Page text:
Atomic Show #314 - Economies of scale for micro, small, medium, large reactors - with James Krellenstein 1

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  1. Good talk.

    Nuclear seems to like to make itself “custom” rather than “standard.” This mindset may punish those who attempt to build new reactors.

    Not mentioned was the use of “off the shelf” components. This was stated as being one of the reasons for Small Modular Reactors (SMRs) The idea is to use stuff similar or the same as what people are using now. Nuclear pipes, pumps, pressure vessels, etc. may be found to be very similar to equipment used in a different industry. Standard mass produced equipment is cheaper than custom made equipment.

    “Old” nuclear had the existing shops that built coal plant boilers. Much of this industry was able to transition to building nuclear equipment as orders were received. Coal plants are not being built, closing and being torn down. Craft workers are retiring and moving on. What industry fabricates similar equipment to nuclear reactors these days? Perhaps the petrochemical industry is an example. Rod mentioned military suppliers could fabricate similar equipment to what is needed for SMRs. Perhaps the wheel need only to be trued for SMRs and not reinvented.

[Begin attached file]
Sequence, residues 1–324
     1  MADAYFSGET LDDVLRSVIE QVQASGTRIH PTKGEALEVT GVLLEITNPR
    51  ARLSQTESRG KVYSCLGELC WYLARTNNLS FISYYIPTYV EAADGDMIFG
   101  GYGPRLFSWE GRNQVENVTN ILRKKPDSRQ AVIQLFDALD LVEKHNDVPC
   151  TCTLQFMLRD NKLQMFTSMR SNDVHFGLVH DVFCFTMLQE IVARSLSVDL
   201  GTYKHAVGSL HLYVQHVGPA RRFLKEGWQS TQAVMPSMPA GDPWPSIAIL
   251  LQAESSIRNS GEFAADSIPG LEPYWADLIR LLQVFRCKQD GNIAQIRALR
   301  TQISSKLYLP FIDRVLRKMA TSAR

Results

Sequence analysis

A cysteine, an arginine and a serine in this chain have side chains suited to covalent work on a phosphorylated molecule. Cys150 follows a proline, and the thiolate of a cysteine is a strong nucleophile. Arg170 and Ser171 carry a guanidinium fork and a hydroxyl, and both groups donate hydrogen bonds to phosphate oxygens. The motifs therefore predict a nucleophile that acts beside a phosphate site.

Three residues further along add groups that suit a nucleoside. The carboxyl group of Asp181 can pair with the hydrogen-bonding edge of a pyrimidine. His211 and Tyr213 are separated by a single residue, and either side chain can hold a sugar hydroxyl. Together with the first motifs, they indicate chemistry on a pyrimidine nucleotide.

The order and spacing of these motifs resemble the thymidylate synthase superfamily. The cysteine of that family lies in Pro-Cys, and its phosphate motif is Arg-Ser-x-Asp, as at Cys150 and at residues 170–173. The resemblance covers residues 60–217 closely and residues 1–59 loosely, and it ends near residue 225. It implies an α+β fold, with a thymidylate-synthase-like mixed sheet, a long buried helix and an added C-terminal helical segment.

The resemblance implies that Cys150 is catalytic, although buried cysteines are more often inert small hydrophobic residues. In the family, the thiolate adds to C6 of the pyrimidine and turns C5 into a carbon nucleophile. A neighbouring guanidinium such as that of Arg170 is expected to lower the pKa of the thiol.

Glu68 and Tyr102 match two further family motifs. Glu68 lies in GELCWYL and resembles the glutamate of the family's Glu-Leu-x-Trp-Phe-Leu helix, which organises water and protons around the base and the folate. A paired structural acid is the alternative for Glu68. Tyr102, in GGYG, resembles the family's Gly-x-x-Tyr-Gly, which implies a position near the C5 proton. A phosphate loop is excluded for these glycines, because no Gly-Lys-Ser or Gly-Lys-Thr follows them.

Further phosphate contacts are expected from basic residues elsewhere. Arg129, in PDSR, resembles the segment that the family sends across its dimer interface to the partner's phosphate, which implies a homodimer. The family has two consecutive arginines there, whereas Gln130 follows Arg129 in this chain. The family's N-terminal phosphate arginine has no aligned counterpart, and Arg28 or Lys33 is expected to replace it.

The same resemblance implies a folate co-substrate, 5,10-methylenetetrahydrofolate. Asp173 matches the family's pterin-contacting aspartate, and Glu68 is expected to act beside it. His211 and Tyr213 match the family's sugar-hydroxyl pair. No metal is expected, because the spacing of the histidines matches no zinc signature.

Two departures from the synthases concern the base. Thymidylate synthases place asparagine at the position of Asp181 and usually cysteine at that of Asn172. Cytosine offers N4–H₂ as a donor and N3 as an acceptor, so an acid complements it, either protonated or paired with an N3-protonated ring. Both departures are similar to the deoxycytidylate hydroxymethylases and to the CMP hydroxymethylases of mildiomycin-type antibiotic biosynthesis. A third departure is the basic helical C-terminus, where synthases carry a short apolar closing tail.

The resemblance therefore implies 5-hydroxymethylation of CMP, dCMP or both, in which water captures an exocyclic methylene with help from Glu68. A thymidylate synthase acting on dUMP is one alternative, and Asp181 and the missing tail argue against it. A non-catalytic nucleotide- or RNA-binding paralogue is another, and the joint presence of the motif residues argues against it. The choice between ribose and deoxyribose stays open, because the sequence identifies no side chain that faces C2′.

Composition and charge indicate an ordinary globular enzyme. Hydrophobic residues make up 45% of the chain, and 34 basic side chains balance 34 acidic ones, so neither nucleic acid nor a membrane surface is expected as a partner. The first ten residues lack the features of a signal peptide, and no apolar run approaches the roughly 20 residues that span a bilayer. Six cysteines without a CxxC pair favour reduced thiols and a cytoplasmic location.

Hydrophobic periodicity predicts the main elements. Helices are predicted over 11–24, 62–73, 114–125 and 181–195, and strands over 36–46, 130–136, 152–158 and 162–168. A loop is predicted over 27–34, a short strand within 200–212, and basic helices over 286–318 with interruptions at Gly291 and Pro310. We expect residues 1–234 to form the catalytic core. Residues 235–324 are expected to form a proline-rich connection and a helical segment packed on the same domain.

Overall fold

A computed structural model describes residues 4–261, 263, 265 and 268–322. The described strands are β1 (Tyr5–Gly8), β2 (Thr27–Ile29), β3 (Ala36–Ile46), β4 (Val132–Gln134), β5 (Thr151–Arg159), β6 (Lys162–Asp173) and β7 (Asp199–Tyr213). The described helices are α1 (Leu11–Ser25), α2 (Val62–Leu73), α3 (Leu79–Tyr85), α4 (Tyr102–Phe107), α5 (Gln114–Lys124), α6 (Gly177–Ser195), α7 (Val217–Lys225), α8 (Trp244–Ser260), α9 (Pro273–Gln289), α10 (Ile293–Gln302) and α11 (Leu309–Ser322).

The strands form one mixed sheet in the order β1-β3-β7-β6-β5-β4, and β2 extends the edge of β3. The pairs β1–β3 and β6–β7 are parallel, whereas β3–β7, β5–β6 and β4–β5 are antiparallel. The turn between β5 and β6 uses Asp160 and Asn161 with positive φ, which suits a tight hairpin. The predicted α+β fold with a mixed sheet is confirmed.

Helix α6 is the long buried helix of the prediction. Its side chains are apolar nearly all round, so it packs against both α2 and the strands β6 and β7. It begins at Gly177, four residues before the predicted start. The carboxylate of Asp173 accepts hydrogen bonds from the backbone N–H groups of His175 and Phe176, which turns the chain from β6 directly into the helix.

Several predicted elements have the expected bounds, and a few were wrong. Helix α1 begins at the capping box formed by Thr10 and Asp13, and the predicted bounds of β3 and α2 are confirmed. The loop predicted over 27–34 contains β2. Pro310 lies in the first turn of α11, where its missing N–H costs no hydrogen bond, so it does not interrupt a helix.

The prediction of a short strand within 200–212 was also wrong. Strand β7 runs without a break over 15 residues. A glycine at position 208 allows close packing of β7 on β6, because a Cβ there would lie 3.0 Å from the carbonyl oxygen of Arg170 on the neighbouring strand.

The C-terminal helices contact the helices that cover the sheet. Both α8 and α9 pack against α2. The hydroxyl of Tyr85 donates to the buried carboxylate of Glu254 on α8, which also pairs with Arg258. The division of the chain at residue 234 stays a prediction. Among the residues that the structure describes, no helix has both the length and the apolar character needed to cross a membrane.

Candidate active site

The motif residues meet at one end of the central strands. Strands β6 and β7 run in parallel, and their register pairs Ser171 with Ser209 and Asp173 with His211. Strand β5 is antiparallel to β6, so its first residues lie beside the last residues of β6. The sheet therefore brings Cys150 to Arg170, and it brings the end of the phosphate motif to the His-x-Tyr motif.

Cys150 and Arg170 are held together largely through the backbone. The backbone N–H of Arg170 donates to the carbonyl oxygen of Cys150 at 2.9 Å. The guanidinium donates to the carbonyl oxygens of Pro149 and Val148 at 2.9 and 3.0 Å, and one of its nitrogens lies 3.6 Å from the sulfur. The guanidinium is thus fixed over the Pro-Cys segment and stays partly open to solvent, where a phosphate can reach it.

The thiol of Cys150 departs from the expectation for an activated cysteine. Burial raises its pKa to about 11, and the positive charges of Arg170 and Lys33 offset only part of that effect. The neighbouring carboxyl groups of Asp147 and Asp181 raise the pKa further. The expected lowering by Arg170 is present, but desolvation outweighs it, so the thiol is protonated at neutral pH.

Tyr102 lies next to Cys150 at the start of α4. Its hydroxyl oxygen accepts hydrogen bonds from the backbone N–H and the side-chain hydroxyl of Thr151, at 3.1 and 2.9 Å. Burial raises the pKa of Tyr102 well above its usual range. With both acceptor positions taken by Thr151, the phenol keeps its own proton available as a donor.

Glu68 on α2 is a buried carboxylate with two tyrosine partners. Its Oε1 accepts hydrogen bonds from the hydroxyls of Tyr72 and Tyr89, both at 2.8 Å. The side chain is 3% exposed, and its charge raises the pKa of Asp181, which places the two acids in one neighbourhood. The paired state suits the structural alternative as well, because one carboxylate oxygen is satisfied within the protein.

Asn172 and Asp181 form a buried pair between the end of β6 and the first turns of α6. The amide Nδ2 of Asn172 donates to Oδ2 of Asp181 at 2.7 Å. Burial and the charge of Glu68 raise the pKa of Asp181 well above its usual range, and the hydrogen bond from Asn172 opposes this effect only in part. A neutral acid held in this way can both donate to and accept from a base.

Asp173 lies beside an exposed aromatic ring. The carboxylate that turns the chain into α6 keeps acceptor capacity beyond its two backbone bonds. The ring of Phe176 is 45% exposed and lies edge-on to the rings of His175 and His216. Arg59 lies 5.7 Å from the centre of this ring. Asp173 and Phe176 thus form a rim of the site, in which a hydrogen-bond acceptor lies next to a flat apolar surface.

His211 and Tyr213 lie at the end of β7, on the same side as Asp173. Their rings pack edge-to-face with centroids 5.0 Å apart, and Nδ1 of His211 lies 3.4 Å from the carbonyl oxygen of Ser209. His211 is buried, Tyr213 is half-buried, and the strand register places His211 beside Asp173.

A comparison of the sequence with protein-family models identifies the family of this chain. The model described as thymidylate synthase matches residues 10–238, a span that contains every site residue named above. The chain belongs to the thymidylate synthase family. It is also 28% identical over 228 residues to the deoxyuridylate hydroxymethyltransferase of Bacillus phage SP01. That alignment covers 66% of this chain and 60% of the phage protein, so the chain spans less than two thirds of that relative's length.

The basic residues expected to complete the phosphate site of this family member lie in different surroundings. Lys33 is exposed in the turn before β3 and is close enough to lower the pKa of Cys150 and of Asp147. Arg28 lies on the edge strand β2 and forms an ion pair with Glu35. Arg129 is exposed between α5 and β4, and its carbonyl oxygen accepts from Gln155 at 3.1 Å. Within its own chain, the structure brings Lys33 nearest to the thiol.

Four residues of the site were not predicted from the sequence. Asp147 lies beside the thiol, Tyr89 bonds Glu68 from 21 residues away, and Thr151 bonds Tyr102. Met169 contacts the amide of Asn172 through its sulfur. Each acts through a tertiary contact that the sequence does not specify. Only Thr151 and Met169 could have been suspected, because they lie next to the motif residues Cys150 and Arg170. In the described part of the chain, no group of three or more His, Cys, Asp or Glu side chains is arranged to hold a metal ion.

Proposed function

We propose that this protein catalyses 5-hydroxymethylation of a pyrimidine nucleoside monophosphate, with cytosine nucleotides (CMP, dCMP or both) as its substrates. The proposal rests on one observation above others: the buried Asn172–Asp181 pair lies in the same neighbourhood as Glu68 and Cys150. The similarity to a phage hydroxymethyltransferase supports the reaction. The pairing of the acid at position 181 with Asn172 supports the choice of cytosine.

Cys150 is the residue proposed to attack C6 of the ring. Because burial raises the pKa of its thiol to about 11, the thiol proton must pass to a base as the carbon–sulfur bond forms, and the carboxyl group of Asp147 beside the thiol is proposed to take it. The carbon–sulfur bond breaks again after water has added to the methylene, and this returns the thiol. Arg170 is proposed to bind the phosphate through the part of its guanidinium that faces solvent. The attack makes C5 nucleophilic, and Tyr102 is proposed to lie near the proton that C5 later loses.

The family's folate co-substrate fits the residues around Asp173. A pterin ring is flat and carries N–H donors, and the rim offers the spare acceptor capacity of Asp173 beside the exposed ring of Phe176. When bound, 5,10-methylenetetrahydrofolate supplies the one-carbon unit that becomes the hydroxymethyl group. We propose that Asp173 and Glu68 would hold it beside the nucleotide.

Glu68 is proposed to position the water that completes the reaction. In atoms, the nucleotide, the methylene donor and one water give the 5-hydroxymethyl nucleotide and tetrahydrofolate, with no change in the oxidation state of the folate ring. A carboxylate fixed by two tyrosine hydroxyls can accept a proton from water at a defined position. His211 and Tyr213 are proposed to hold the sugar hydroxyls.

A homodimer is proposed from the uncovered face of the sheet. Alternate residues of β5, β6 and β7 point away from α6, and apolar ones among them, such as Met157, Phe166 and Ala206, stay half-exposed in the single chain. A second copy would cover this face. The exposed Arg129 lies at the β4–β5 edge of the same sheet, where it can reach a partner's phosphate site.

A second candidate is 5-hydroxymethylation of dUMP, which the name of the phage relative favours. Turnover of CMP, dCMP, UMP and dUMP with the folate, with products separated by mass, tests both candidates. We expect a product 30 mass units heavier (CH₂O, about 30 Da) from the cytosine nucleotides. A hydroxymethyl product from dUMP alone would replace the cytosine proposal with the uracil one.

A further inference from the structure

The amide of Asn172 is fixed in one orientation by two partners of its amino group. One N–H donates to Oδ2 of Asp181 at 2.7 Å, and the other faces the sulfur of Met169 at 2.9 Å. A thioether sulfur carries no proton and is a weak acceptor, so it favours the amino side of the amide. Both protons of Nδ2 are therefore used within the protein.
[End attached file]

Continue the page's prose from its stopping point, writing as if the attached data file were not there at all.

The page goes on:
The idea was also not mentioned in that the customer for new reactors may not be a utility. There are industries that can use steam and/or large electrical energy. Perhaps this may be discussed in a future podcast. It would be supposed that an industrial customer would be needing a Small Modular Reactors than the large central station units.

    Thanks for the podcast.

  2. Where did you find this expert in a white tee with sharpie scribble? He looks like Zelenskyy.

    Umm hmm… we want to reduce dependence on “Russian” uranium, enrichment, etc., but have no qualms about buying Kazakh uranium, because, uh, “it’s not Russian”. The RF tends not to invade former SSRs that fall in line. Good for the global uranium market for saving face and giving Krellenstein something to “advise” GEH about, even though it is the utility customers of GNF that actually procure the uranium and services.

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